Steve Chapman

Once in office, Lincoln was endlessly faulted by abolitionists. He held off issuing the Emancipation Proclamation until the Civil War was nearly two years old -- and his directive had little effect, since it liberated slaves only in Confederate states, which did not recognize his authority.

The slave states that remained in the Union were exempt. As for letting blacks vote, he didn't get around to a tentative endorsement until after the Confederate surrender.

Yet in the end, we know, it took Lincoln to abolish slavery and set the nation on the path toward racial equality. He is not remembered as the Great Emancipator for nothing.

Like him, Obama has to deal with hard political realities. Had he endorsed same-sex marriage four years ago, the White House would be occupied by John McCain, who supported the military's ban on gays. Were Obama to launch an all-out campaign for a federal law, he would pave the way for GOP victory that would set back the cause of gay rights.

He has done what he can, and more than any of his predecessors. There is something to be said for a president who, after much delay, takes even a mild stand in favor of same-sex marriage -- and nudges the nation toward greater freedom and equality.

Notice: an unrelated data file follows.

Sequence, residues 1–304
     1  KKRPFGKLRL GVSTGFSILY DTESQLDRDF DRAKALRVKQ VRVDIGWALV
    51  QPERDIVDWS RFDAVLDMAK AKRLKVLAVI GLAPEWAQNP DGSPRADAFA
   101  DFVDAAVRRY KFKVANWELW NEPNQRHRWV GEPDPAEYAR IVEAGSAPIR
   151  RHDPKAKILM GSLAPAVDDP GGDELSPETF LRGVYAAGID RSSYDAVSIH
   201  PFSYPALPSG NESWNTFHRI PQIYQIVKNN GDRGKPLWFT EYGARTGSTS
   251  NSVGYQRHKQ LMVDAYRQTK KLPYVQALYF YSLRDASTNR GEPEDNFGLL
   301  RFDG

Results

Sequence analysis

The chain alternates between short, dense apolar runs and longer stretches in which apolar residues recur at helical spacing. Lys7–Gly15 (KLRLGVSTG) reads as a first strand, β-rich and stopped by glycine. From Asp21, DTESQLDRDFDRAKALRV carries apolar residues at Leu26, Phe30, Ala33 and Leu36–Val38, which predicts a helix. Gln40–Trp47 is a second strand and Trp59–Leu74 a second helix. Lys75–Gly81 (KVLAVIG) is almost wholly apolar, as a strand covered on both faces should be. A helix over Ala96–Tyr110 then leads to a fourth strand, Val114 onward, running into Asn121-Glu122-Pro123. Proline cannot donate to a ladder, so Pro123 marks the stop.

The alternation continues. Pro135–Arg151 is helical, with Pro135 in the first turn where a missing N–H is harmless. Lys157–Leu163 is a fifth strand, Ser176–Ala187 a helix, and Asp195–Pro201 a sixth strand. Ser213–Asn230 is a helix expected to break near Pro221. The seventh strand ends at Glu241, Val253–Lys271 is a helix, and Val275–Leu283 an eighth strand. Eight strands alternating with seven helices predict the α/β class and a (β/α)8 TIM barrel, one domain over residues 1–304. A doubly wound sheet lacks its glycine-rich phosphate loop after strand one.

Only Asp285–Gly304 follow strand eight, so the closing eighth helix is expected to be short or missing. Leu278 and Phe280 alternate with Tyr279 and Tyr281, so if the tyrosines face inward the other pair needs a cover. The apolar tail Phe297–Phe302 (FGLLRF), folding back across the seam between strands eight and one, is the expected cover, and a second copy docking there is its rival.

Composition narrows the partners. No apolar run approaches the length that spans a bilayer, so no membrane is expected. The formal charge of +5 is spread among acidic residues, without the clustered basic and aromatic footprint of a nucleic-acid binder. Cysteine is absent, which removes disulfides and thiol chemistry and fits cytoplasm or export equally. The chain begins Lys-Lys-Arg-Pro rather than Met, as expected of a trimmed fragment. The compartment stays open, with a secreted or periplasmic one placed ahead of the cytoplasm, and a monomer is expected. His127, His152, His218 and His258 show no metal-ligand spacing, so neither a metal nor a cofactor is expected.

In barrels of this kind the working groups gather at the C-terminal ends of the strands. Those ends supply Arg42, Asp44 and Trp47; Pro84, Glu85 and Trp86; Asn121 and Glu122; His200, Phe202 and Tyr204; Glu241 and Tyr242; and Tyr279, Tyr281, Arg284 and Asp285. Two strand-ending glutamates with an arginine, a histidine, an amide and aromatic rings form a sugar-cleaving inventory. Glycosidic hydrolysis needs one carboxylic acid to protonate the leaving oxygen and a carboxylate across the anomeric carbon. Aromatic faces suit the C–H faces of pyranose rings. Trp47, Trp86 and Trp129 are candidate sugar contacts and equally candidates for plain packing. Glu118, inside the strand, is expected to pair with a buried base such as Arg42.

The former slave and black leader Frederick Douglass might have understood. What he said of Lincoln's approach to slavery could also be said of Obama on same-sex marriage: "Viewed from the genuine abolition ground, Mr. Lincoln seemed tardy, cold, dull, and indifferent. But measuring him by the sentiment of his country, a sentiment he was bound as a statesman to consult, he was swift, zealous, radical, and determined."

Today, the critics get their say. Years from now, it's what Obama did that will be remembered.

Steve Chapman

Steve Chapman is a columnist and editorial writer for the Chicago Tribune.

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